Quotes Sampler

“A shade of sorrow passed over Taliesin’s face. ‘There are those,’ he said gently, ‘who must first learn loss, despair, and grief. Of all paths to wisdom, this is the cruelest and longest. Are you one who must follow such a way? This even I cannot know. If you are, take heart nonetheless. Those who reach the end do more than gain wisdom. As rough wool becomes cloth, and crude clay a vessel, so do they change and fashion wisdom for others, and what they give back is greater than what they won.” (Lloyd Alexander, The High King)

“Breathe in me, O Holy Spirit, that my thoughts may all be holy. Act in me, O Holy Spirit, that my work, too, may be holy. Draw my heart, O Holy Spirit, that I love but what is holy. Strengthen me, O Holy Spirit, to defend all that is holy. Guard me, then, O Holy Spirit, that I always may be holy. Amen.” (Augustine in Wax, Psalms in 30 Days: A Prayer Guide through the Psalms)

“In other words, when Hebrews 5:2 says that Jesus ‘can deal gently with the ignorant and the wayward,’ the point is that Jesus deals gently and only gently with all sinners who come to him, irrespective of their particular offense and just how heinous it is. What elicits tenderness from Jesus is not the severity of the sin but whether the sinner comes to him. Whatever our offense, he deals gently with us. If we never come to him, we will experience a judgment so fierce it will be like a double-edged sword coming out of his mouth at us (Rev. 1:16; 2:12; 19:15, 21). If we do come to him, as fierce as his lion-like judgment would have been against us, so deep will be his lamb-like tenderness for us (cf. Rev. 5:5–6; Isa. 40:10–11). We will be enveloped in one or the other. To no one will Jesus be neutral.” (Ortlund, Gentle and Lowly)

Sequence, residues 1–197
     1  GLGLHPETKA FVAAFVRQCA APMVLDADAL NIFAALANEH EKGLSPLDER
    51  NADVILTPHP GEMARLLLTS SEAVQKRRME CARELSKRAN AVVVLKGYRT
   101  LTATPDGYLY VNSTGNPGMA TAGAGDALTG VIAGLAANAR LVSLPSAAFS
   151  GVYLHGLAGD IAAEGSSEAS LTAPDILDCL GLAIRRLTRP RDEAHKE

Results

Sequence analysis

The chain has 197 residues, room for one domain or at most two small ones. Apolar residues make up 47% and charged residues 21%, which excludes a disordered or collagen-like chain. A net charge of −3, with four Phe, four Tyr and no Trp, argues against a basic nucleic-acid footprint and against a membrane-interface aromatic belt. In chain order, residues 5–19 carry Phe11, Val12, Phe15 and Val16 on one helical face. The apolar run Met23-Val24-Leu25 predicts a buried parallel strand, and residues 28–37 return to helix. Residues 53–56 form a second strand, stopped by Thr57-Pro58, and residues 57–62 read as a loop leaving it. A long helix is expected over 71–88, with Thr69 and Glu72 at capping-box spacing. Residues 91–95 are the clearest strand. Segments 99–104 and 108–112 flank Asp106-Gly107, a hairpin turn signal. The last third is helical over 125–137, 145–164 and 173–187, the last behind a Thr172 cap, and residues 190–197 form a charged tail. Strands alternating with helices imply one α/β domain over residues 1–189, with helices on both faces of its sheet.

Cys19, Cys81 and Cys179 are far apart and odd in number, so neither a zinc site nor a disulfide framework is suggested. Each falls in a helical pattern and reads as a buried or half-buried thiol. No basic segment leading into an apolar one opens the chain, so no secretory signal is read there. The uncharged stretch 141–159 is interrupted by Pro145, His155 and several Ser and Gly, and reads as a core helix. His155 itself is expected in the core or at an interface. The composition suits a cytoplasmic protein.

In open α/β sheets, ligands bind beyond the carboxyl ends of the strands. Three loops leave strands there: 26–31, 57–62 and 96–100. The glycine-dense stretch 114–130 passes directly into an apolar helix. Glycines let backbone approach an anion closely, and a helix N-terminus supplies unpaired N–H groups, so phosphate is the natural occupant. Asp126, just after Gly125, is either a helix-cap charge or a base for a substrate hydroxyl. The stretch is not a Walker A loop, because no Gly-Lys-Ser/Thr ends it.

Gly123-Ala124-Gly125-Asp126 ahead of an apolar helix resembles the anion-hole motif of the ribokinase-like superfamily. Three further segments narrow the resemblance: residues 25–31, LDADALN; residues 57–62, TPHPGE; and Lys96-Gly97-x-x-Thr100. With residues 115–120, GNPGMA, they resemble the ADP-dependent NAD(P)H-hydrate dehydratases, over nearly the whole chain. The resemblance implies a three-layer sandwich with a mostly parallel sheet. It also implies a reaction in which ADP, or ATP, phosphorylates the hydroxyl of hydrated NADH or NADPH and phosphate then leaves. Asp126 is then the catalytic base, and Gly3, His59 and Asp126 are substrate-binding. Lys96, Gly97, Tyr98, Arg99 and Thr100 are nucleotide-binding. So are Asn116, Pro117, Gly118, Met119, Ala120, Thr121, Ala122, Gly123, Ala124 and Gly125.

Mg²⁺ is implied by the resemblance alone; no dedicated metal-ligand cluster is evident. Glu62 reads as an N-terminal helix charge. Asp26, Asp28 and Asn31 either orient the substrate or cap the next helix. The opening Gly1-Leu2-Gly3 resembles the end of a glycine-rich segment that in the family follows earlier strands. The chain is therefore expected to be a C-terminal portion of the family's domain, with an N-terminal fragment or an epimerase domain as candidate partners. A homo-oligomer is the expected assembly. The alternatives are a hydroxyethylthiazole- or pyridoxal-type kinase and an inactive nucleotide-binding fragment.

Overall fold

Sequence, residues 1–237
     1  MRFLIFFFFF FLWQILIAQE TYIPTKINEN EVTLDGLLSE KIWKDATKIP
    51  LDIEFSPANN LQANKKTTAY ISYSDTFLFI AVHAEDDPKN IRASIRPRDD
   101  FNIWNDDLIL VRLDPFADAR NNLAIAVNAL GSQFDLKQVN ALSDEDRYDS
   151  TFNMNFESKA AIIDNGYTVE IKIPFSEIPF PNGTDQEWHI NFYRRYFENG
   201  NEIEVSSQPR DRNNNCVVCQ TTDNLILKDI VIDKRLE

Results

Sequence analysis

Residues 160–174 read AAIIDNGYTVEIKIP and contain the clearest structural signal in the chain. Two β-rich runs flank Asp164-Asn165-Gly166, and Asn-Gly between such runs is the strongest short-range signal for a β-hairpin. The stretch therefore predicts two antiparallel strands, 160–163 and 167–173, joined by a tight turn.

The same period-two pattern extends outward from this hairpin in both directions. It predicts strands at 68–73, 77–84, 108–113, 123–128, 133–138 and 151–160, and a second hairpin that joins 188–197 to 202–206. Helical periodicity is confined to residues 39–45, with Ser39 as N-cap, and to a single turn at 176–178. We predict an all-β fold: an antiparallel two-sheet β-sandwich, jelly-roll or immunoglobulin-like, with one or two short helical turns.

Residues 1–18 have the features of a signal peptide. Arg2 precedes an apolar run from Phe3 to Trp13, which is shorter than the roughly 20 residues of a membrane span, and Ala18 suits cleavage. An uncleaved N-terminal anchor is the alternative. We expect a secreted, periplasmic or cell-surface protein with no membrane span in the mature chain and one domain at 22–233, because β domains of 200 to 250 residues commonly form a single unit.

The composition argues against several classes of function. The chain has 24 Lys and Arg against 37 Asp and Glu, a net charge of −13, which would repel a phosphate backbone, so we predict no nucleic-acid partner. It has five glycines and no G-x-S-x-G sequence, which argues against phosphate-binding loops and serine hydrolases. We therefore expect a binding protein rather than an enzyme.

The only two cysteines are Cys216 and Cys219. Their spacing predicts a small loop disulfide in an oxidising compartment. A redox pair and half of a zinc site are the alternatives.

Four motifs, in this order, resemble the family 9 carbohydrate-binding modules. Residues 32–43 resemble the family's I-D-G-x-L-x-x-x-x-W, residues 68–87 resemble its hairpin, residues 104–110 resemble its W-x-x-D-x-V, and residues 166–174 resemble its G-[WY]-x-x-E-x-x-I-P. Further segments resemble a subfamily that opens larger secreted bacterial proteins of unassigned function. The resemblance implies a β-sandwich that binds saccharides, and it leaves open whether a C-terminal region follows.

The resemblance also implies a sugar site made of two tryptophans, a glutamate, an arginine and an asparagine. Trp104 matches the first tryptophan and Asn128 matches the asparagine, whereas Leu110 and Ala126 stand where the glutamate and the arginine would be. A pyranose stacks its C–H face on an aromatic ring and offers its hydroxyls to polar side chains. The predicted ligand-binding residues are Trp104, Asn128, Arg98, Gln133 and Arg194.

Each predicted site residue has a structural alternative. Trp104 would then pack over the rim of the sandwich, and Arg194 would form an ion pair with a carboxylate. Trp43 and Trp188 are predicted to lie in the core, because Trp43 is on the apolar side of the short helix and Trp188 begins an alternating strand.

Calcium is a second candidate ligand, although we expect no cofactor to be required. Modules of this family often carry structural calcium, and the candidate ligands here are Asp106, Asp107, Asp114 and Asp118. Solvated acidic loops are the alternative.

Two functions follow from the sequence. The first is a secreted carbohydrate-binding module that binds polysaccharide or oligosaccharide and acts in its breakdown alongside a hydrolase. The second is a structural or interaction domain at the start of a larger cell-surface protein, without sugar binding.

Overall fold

“Of course, the most popular way to quell this unsettling sense of not-at-home-ness is by trying to make ourselves at home in the world, even if that looks like mostly distracting ourselves from the unsettling fact of our alienation. As Heidegger would put it—in a way he learned from Augustine—I am absorbed by ‘everydayness’; I give myself over to those ‘producers of bustling activity’ who are more than happy to take the burden of selfhood off my hands.16 We learn to forget our alienation by letting ourselves be taken over by the distractions and entertainments and chatter of the world. We trade one sort of self-alienation for another that gives the illusion of homey comfort: ‘You belong here’ is the lie told to us by everyone from Disney to Vegas. We try to cover up not knowing who we are by letting everyone else sell us an identity, or at least a distraction from needing one.” (Smith, On the Road with Saint Augustine)